Half way round there are a few stalls selling hot drinks and an inspired marshmallow stand where you can toast your own massive marshmallow over charcoal burners after choosing from flavours such as raspberry and champagne or mango and orange.  OK so they are £1.50 each but it was an unusual treat and let’s face it cheaper than a Costa coffee that we all buy without even thinking!

For the children the highlights were undoubtedly the pandas , the huge squirrels and the 60 metre dragon. I loved  the host of flamingos reflected in the water, the terracotta army and the pagoda. But the whole event is full of wonder – and a really great evening out for everyone – the younger children clearly excited by being outside in the dark and enough characters and animals for everyone to find something they love.

Tips on how to enjoy the festival even more than we did

Entry is form 5pm until 8.30pm. The grounds close at 10pm.

It’s a photographer’s paradise and if it’s a serious passion it’s worth bringing a small SLR if you have one. At the very least make sure you have full battery on your phone. It is also a selfie’s paradise!!

Wrap up warm – hats and gloves – you are outside and it is night time!

If you book online it’s cheaper during the week than at weekends

There’s no parking on site and quite a walk from the tube at Gunnersbury – check out nearby roads for parking but bear in mind the Festival Entrance is next to Rustic House Gate, situated just off the westbound A4. The other gates are shut!

There is food and drink available at the start and finish of the tour – as well as half way round. If you don’t have gloves having a warm coffee in your hands at the start could help!

 

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Silent Sunday

Silent Sunday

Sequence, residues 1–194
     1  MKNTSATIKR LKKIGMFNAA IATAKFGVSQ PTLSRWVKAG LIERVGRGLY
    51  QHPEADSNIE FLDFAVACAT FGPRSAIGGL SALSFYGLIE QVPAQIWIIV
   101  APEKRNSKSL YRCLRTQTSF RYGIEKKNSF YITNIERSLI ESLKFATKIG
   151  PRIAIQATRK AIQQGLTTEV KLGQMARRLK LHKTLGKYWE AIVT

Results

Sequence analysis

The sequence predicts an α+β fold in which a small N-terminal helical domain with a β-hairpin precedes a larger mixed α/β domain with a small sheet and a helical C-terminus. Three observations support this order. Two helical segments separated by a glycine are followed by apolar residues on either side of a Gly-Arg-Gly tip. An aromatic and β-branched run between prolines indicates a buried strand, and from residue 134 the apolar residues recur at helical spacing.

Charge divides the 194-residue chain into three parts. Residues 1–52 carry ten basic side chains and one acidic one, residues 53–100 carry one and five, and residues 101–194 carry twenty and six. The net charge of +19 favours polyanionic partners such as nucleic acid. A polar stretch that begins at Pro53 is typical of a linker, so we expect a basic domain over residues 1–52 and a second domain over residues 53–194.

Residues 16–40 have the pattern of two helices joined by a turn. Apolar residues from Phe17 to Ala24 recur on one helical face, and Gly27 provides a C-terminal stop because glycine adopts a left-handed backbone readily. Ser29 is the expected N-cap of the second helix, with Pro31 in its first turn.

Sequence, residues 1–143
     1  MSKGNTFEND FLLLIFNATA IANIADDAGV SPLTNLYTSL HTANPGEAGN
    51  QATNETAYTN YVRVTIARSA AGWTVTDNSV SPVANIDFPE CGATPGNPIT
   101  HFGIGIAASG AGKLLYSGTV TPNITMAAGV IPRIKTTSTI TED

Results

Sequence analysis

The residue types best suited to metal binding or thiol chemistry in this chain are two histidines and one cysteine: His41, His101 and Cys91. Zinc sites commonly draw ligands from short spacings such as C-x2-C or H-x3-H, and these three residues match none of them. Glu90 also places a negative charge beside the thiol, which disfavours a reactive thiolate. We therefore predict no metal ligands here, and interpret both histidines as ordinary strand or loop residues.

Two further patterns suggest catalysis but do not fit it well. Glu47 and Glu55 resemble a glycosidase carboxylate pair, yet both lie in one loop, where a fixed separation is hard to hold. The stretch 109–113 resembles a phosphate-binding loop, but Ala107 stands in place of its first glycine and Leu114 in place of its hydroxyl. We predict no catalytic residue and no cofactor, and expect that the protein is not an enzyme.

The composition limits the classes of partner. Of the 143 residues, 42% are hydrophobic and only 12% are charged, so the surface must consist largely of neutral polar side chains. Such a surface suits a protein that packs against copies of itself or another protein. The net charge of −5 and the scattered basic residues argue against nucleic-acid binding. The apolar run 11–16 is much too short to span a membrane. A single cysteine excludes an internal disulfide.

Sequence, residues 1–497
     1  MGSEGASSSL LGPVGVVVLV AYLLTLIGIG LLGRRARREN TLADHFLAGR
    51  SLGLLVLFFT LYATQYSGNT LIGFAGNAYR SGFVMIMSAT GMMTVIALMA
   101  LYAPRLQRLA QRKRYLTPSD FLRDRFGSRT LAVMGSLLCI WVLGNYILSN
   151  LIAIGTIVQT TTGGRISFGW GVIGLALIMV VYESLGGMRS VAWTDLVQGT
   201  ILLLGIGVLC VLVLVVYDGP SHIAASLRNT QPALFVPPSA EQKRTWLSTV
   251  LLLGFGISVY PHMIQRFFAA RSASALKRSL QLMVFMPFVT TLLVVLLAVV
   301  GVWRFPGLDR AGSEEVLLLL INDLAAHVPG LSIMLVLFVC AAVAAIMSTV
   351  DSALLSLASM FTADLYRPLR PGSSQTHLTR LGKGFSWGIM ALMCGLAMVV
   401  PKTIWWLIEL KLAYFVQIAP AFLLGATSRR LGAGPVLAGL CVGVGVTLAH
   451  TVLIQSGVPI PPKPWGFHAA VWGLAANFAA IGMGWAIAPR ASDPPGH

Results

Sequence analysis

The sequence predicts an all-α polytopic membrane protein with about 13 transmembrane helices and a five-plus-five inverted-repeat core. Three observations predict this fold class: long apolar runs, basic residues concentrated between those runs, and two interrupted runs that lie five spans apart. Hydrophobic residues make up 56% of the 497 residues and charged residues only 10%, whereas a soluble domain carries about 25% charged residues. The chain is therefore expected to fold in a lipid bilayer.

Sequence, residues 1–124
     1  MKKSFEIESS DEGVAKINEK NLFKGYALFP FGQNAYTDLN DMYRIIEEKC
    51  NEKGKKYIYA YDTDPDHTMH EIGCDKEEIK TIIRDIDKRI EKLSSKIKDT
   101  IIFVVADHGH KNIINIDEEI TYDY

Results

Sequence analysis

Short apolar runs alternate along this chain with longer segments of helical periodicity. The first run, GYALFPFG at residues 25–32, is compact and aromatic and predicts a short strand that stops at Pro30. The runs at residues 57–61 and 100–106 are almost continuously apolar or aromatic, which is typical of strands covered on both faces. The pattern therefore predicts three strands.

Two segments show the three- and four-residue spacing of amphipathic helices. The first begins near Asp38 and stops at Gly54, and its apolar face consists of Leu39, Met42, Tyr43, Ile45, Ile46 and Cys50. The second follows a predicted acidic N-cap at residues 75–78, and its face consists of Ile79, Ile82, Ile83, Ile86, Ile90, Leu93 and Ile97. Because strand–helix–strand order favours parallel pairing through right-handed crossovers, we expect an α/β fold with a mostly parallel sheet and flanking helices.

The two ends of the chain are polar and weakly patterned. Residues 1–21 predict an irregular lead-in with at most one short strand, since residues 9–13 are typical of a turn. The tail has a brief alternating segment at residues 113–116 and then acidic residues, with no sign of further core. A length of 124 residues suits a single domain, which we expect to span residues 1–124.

No words. From an original idea by Cosmic Girlie

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Nutcracker on Ice

Nutcracker on Ice at Royal Albert Hall

We are still catching our breath after this afternoon’s show – The Nutcracker on Ice – at the Royal Albert Hall. It’s an incredible mix of ice dancing, acrobatics, trapeze artists, magic tricks and even dancing with fire – and all to Tchaikovsky’s score performed by the London Concert Orchestra.

The children described the show as “beyond surprising” and “bedazzling” and I can’t disagree. I admit to having always rather preferred ice dance to ballet, so I was a ready convert.  Serious ballet fans will no doubt disagree- but to me being able to dance, pirouette, twirl your partner round – lift them above your head with one hand – and do it on skates – has the edge. And the Imperial Ice Stars are a formidable team. Mostly from Russia, the Ukraine and Poland, the performers have won 250 competition medals between them. Many of them have been skating since they were three or four – and you can tell – they approach the ice as we would solid ground.  The creative team behind them are all former members of the Russian national skating team and say some of the moves in the show have never been attempted before – not even in the last Winter Olympics – and some are so complex they don’t yet have a name!

During the Christmas Eve party scene in the first act so much was happening,  it was hard to know which dancers to watch – although generally the show was stolen by Marie – played by 16 year old Mariia Vygalova and her nutcracker prince, Vladislav Lysol. The nutcracker doll, gymnast Alena Zmeu was equally talented – so rigid and wooden at the beginning I was not sure whether she was actually a doll – but she soon showed how incredibly supple she actually is.

The mouse king and queen went down a storm with the audience – as did all the dancers in Act Two with dances from China, Spain and Arabia – complete with spinning balls of fire – and trapezes.

If you are looking for a show that will entertain you and amaze you, and your parents, and your children – with a Wintery theme – this one would be hard to beat. Again I will let the children have the final say – nine year old Alexander’s words as we left the show : “I want to go skating!”

Nutcracker on Ice runs until January 2nd.

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How (not) to ice your first Christmas cake